Nitin Menon is only the third umpire from India to make it to the ICC elite panel, the first two being Venkataraghavan and Sundaram Ravi. While Venkataraghavan had been widely acknowledged as one of the best in the game and won all-round respect, Ravi did not cover himself with glory and had to face the ignominy of being dropped from the elite panel on account of below average performance. That Ravi could officiate in only 33 Test matches and 48 ODIs during his nine-year long tenure in the panel while his colleagues umpired twice the number of games in a similar time span stands as proof for the average standing he had at this level.
This is indeed a far cry from the 1980s when Indian umpires were considered to be among the best in the world. When Imran Khan wanted to have neutral umpires for a Test series against the West Indies in Pakistan in 1986, he sought the services of two Indian umpires, Piloo Reporter and V K Ramaswamy. The duo of Reporter and Ramaswamy thus became the first set of neutral umpires in international cricket history. It was only during the 90s that the ICC came up with the concept of having neutral umpires in Test matches. Initially a combination of one neutral umpire with a host country official was tried before the ICC finally decided that both ends should be manned by neutral umpires. In 2002 the ICC introduced the system of a panel of elite umpires, who are deemed to be the best in the world, for officiating all Tests, besides select ODIs and World Cup matches.
Why did the quality of Indian umpires deteriorate so rapidly after the heady days of 1980s? This was solely on account of the lack of attention given by the Board of Control for Cricket in India (BCCI) towards this aspect of the game. When the number of international matches started increasing from the mid 90s onwards, the BCCI increased the strength of umpires in their All India panel who were allotted more important matches on the domestic circuit and ODIs. Initially the BCCI decided to rotate the postings among all umpires in this panel so that most of them got opportunities for officiating in ODIs. When it was found that this arrangement was not satisfactory as there were wide divergences between umpires in the same panel when it came to accuracy of decision making, the BCCI decided to allot international matches based on performance of officials in domestic matches. In the normal course this should have ensured fairness and meritocracy but for the unfortunate fact that the BCCI did not have a proper system in place either for assessing performance of umpires or for grading them. It was found that umpires who were close to the BCCI official in-charge of umpires committee invariably won the best grades and hence got opportunities for standing in international matches! This manipulation of the system by a few unscrupulous elements brought disrepute to Indian umpires in general and lowered the status of officials in the eyes of players and followers of the game.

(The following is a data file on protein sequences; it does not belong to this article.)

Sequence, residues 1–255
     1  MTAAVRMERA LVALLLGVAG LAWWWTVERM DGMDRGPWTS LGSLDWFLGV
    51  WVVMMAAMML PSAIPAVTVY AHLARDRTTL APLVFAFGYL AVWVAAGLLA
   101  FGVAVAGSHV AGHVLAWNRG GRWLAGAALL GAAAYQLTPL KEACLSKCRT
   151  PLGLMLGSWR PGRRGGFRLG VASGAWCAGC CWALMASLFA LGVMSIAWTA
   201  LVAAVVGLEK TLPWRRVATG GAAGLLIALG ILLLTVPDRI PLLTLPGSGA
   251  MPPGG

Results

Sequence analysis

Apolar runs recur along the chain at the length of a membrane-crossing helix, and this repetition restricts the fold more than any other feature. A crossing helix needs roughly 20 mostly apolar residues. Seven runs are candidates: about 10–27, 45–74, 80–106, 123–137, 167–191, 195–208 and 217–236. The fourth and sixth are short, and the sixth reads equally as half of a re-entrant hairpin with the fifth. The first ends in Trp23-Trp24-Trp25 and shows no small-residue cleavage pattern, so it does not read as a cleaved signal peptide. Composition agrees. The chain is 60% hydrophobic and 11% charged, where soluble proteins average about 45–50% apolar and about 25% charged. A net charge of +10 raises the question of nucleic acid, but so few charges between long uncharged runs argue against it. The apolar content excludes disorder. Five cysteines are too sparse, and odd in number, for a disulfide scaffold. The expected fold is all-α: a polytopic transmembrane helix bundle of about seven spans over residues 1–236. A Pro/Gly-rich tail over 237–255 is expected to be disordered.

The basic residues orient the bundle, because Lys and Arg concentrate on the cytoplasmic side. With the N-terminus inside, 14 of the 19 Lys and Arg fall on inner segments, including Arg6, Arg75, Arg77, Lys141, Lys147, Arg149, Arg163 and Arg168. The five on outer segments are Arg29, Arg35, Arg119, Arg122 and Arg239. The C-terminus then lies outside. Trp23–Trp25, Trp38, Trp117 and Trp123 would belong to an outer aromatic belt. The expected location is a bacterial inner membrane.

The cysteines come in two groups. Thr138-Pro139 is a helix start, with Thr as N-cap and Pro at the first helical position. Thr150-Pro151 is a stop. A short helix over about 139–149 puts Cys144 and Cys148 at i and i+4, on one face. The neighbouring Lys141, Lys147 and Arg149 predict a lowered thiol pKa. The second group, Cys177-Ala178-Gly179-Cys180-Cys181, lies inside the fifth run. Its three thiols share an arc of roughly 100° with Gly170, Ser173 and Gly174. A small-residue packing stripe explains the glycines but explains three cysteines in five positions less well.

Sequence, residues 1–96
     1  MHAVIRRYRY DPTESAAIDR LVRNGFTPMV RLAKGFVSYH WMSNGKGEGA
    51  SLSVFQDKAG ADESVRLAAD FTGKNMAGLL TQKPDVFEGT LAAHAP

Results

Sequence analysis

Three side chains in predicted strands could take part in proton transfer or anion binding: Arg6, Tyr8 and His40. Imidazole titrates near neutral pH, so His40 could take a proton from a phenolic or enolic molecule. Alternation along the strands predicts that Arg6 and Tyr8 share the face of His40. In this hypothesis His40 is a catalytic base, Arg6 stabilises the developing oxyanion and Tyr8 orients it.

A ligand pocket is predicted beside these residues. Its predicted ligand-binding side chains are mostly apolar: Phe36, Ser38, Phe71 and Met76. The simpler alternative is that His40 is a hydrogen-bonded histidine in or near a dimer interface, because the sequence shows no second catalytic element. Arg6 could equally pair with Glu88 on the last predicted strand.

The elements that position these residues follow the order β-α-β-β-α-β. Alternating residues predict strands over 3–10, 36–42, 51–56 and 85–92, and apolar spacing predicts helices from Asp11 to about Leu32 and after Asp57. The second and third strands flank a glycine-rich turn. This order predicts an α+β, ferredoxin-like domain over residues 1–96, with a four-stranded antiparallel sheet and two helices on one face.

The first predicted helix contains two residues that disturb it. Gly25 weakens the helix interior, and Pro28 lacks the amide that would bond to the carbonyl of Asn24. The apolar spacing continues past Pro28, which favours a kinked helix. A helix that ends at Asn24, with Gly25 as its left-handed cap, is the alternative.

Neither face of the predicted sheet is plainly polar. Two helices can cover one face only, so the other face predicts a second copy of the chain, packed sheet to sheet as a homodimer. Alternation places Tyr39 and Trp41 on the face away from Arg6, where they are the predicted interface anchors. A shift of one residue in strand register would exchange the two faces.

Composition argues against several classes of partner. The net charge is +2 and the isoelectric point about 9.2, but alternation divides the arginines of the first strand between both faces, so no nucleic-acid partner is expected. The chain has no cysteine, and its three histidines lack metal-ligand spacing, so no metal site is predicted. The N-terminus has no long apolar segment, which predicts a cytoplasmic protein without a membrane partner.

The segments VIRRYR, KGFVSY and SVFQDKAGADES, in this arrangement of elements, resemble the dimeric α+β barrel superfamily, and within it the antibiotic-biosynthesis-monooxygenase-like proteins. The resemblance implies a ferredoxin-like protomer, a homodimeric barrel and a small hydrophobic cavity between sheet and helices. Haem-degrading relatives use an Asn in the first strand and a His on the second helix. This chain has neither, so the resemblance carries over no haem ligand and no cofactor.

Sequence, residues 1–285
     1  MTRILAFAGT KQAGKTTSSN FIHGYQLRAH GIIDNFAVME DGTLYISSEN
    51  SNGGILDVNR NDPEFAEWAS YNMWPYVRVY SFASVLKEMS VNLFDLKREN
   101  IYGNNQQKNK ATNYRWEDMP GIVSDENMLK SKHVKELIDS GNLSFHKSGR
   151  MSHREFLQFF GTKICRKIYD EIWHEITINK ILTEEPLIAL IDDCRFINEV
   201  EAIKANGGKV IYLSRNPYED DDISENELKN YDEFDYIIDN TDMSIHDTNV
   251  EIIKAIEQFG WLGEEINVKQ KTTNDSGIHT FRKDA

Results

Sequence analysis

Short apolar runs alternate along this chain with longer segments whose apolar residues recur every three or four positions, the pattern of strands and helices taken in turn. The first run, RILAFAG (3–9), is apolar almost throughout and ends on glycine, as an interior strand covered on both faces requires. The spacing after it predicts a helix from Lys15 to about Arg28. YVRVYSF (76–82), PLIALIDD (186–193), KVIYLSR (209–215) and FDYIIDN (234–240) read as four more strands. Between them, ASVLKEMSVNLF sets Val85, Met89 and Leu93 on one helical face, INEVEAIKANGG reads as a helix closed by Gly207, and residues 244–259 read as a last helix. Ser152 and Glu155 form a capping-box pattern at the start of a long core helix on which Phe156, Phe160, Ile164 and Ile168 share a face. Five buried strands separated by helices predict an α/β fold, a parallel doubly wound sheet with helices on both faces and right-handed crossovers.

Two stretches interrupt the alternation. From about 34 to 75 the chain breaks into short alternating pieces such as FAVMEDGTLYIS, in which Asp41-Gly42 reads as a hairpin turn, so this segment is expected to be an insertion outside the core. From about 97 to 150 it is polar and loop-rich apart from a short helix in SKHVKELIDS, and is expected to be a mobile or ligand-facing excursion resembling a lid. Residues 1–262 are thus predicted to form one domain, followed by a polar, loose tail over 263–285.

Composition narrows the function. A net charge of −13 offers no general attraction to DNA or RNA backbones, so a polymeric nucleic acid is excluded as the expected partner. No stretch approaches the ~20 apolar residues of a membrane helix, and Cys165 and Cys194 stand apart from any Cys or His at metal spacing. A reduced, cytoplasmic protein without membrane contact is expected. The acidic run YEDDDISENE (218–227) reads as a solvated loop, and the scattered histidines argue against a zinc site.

It was only towards the last years of the first decade of the present century that the BCCI decided to bring in a system for objective assessment and grading of umpires. Umpire’s academy was started at Nagpur, annual seminars for umpires became more focused and result oriented and the BCCI sought the services of reputed Australian umpire Simon Taufel to improve the standards. Another important decision was to record all domestic matches using properly placed cameras and trained crew and to use the recordings not only for assessing umpires but also to help them to improve their performance. Thus, all umpires were provided access to the recording of the day’s play, which they could go through and see how they fared; they could also seek out specific instances that they wished to watch again and review. This helped the umpires to understand how they were faring, where they were going wrong and what they needed to do to improve themselves.
These measures by the BCCI helped in the evolution of a new generation of umpires during the 2010s. All the officials who are presently in the elite and international panels of ICC have come of age during this period. The training and assessment of umpires is at present more structured and objective, with merit and performance being the relevant criteria for moving up to higher levels. These actions with the resultant transparency and objectivity in grading helped to improve the trust of umpires in the system and, in turn, led to an improvement in the standards of umpiring within the country. Menon, Ananthan and the other three officials in the international panel are products of this new approach of the BCCI towards umpires and umpiring.
Congratulations to Menon and Ananthan on their richly deserved promotions. Here is wishing them good luck and success during their tenure in the ICC panels.
(The author is a former international umpire and a senior bureaucrat)